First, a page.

To say that John Dickson Carr’s The Devil in Velvet, which was first published in 1951, is an unconventional detective novel would be a monumental understatement. I mean, how many fictional detectives enlist the help of Satan to solve the crime? And it involves time travel. This is definitely not your average crime novel.
In 1925 a historian becomes obsessed with a murder committed in 1675. There seem to have been three possible suspects, but although several manuscripts exist that give an account of the events, none name the actual murderer. The historian makes a pact with the Devil, allowing him to travel back in time to 1675, and he finds himself inhabiting the body of the murder victim’s husband. He discovers that the accounts he has read of the crime do not tell the full story.
He also soon finds himself caught up in the political intrigues of the day, of which there are many – intrigues involving Popish plots, conspiracies against the king, and the vexed problem of the succession (with King Charles II’s Catholic brother being the heir). He finds himself with enemies inside his household, and outside.
The book is a combination of a clever murder mystery, a strange love story, a political thriller and an enjoyable adventure romp, with some fascinating insights into daily life in the 17th century to add extra interest and spice. Considering that it was written in the early 1950s it’s also surprisingly frank in dealing with matters of sex. In some ways it has a very modern feel, somewhat akin to the wonderful genre-bending alternative history fantasy novels of writers like Tim Powers and Mary Gentle. In fact it’s a book I can recommend to fantasy and horror fans as well as crime fiction fans. An unusual but very entertaining novel.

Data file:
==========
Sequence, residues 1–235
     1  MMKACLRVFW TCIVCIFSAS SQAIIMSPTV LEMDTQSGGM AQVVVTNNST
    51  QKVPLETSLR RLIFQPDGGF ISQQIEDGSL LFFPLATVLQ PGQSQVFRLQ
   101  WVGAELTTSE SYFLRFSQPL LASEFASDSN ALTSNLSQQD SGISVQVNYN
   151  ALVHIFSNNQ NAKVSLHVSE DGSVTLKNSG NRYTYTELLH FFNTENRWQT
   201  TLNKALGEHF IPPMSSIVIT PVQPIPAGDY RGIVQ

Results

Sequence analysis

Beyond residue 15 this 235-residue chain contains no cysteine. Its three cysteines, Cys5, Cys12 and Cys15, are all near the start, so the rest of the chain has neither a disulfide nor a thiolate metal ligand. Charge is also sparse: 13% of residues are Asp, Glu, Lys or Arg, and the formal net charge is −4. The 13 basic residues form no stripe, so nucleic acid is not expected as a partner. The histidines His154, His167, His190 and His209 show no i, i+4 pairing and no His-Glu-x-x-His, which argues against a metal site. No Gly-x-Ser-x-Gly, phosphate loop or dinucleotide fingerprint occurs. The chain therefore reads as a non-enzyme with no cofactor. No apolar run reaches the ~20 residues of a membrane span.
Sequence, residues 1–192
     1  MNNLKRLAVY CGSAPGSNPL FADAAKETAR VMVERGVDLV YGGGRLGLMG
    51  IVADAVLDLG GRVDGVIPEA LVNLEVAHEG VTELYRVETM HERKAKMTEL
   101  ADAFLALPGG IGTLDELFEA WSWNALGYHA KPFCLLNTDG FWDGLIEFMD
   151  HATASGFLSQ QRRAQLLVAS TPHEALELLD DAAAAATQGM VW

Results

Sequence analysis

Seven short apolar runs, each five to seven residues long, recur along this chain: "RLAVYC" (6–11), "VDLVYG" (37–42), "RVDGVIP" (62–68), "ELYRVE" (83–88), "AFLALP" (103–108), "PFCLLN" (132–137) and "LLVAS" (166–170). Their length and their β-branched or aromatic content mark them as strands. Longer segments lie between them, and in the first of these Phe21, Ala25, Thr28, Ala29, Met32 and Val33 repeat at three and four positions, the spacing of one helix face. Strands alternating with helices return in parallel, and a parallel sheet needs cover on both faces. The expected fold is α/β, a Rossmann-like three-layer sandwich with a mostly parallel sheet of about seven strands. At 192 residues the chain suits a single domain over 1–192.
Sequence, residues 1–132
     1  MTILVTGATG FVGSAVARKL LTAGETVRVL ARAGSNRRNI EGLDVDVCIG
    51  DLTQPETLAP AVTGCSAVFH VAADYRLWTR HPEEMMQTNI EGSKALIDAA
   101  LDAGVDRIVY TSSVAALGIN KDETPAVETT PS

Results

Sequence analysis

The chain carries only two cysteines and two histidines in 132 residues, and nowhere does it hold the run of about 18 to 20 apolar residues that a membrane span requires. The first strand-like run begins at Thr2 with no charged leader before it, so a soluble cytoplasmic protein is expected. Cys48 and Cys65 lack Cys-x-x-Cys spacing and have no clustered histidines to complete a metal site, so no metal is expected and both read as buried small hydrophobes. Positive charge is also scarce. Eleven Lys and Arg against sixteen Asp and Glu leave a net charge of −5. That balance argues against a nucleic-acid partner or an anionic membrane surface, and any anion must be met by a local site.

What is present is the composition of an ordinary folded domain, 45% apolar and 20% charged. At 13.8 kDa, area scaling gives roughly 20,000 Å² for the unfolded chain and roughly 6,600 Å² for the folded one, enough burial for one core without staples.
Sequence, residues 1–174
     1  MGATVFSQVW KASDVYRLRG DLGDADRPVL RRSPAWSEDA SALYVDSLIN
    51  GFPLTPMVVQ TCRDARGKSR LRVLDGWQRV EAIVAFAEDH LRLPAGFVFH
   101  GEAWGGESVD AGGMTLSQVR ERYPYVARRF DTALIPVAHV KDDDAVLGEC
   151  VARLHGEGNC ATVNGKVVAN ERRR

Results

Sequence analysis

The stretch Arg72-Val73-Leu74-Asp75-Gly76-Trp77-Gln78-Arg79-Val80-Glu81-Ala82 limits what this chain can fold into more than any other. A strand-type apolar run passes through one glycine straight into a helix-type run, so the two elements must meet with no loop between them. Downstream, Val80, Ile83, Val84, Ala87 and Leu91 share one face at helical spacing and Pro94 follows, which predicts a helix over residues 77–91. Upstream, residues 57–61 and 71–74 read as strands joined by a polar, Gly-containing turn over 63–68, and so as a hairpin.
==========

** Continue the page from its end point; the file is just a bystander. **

Hear, hear! The Devil in Velvet is an excellent piece of historical fiction, which can be enjoyed by readers from genres other than crime-and historical fiction. This makes it perhaps one of Carr's most accomplished novels.ReplyDelete
Carr wrote a similar themed book in 1957, Fire, Burn!, and places a modern policeman in 1829, but it's never explained how he got there. How the detective interacted with a world he has prior knowledge of (or thinks he has) foreshadows the (BBC) series Life on Mars. I've always wondered if the creators of that show knew about these two mysteries.